Martin was no revolutionary yet his music has a hard-won
individuality that requires persistence. In some ways he is rather like
Rubbra. For Martin, as for his English contemporary, there is no glamour
- instead we find rather a sturdy passion. There is some solo piano
music, a little chamber music (which includes his easy winner the Trio
on Irish Folk Songs - you can hear it on Chandos CHAN9016), at least
one opera (on Shakespeare's Tempest), several large choral works
and many orchestral pieces with a special leaning towards the Concerto.
It is the concertante vein that is surveyed in this tidy release.
The Ballade's hesitant bluesy indeterminacy
alternates with the sort of high octane propulsion found in the Ravel
G minor. I can imagine Michelangeli or the young Leonard Bernstein making
a feast of this; not that Badura-Skoda is anything other than the heart
of brilliance. Shostakovich passes in gaudy sustained rhythmic buzz
in the last five minutes of the work. The clean strength of the recording
is comparable with ASV's wonderfully recorded Linz/Richter Korngold
orchestral anthology. The music is not atonal but tonality is allowed
slews and swerves. This liberation is even more evident in the Danse
de la Peur. Martin dabbled with twelve tones from early 1930s onwards
This piece was played by Dinu and Madeleine Lipatti in Geneva in 1944.
A stylistic map of the work might well include direction signs towards:
Bartók and de Falla. In fact, through the work's sepia half-tints,
vividness and verve we glimpse Nights in the Gardens of Spain and
Liszt's Totentanz. Sebastian Benda, who joins Badura-Skoda for
the Danse, has recorded the complete solo piano works of Frank
The two piano concertos are separated by thirty-five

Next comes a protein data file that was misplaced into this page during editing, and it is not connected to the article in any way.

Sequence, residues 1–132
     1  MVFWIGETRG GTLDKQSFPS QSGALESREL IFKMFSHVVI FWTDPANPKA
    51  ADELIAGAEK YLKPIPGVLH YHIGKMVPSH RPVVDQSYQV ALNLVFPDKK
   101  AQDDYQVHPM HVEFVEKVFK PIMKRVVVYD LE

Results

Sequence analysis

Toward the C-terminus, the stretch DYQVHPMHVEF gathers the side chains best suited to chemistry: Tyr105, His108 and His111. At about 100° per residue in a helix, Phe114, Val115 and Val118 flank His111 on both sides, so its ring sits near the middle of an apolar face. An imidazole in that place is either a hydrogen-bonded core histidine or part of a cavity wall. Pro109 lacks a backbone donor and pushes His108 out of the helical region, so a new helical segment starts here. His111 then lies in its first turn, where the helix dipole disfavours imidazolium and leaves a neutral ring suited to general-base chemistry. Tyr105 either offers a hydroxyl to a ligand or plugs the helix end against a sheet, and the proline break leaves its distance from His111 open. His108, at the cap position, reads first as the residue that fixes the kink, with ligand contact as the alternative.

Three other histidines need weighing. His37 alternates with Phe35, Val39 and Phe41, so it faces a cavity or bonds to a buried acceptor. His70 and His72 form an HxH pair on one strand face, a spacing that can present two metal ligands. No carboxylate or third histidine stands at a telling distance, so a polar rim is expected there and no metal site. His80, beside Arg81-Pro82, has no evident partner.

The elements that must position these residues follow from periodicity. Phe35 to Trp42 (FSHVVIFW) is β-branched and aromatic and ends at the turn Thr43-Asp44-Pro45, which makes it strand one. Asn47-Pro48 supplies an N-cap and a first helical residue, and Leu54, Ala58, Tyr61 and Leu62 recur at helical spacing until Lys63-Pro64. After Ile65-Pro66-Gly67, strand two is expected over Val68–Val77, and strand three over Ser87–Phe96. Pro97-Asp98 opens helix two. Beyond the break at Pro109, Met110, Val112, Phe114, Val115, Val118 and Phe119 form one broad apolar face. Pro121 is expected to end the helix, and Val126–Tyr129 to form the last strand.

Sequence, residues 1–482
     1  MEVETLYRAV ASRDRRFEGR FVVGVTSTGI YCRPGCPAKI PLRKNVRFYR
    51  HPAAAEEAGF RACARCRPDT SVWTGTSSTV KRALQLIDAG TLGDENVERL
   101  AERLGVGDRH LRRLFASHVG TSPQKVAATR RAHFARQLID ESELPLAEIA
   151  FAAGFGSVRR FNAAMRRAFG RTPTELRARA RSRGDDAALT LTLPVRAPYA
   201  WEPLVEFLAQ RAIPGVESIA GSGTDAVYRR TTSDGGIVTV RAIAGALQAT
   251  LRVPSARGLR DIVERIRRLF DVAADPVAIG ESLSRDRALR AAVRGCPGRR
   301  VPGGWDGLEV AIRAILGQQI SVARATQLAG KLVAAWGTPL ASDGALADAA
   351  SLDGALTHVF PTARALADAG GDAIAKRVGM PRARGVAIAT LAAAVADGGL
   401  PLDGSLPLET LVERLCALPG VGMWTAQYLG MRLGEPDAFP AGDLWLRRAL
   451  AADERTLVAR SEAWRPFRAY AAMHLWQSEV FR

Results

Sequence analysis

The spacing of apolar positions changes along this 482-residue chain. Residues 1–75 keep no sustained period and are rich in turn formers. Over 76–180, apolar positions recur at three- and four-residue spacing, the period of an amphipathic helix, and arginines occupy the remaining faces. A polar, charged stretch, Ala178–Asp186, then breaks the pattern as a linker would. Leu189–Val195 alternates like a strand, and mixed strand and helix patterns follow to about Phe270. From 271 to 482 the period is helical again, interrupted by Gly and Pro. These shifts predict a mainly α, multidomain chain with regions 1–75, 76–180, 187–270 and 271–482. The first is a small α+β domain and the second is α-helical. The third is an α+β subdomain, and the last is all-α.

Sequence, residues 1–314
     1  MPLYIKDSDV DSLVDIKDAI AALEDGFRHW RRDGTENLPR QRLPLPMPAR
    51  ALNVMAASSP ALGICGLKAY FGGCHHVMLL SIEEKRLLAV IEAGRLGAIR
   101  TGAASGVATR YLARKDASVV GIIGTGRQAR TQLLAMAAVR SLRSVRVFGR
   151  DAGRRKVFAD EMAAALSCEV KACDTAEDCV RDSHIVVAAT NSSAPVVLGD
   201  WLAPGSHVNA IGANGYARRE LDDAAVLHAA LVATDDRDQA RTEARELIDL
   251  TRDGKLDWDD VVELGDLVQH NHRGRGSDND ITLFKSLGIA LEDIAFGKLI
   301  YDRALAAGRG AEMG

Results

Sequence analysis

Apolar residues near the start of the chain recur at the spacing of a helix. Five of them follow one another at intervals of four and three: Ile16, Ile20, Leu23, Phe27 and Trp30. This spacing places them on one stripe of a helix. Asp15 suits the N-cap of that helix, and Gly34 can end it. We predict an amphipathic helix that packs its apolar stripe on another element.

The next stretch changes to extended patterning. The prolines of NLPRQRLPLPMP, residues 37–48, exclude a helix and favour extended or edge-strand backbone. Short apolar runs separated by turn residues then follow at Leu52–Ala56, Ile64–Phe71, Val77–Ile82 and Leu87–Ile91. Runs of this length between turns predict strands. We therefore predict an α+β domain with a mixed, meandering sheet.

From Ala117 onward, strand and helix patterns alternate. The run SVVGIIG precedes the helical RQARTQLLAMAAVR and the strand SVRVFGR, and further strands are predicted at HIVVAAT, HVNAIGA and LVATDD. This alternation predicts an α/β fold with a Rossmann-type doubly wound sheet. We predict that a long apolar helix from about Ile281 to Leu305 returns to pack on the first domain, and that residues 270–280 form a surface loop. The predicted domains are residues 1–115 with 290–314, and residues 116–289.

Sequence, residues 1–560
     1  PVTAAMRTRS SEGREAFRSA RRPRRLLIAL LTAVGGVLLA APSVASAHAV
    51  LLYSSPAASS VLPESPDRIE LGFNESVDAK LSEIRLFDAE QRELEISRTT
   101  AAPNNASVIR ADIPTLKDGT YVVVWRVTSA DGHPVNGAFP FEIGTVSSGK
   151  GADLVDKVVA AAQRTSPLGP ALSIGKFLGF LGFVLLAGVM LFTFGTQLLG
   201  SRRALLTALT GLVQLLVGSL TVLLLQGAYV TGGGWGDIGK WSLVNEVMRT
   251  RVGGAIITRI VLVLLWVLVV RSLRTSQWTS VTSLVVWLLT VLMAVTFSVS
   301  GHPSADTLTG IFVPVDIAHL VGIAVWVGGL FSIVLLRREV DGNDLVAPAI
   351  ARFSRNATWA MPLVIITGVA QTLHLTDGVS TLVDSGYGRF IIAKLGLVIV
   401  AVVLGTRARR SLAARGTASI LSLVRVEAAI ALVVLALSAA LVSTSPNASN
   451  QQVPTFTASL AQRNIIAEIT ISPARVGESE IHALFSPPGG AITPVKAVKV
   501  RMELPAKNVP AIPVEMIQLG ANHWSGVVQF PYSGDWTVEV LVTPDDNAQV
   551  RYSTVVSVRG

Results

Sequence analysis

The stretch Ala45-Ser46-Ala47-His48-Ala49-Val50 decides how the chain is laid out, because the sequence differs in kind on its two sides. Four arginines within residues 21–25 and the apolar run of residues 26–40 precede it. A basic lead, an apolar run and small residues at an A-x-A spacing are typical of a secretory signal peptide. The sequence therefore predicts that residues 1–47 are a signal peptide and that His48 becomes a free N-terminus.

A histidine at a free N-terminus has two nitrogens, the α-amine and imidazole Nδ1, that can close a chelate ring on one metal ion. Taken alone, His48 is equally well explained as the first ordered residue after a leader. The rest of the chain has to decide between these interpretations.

years. Martin poured into the first movement of the First Concerto
a ferocious virtuosity tougher than that found in the Ballade.
This is rather like Prokofiev through a fine gauge twelve -tone strainer
or comparable with Stravinsky's concerto for piano and woodwind. The
Allegro molto finale is a phantasmal call to arms played lickety-split
with gallop, scurry and skitter. The midpoint of the work is a Largo
with a lyrical cor anglais song suggesting singing sunk fathoms deep.
The Second Concerto is likely to be known to some collectors
from its issues as a Candide LP or a Swiss CD. It was written for Badura-Skoda
and . It is designed to be part symphony and part piano concerto. The
with virtuosity is in the Lisztian tradition which also speaks from
the inky brilliance of the finale. Note the ruffian suaveness of the
saxophone at 1.50. The core Lento makes much play of hooded scalar
writing recalling Koppel and Niels Viggo Bentzon. From this emerges
the image of a fantastic steely bridge spanning the sky.
There is no competition for this issue. This is the
only such collection of the complete music for piano and orchestra.
Not music to make blitzkrieg conquests but works of sincere substance
and curtained darkened brilliance.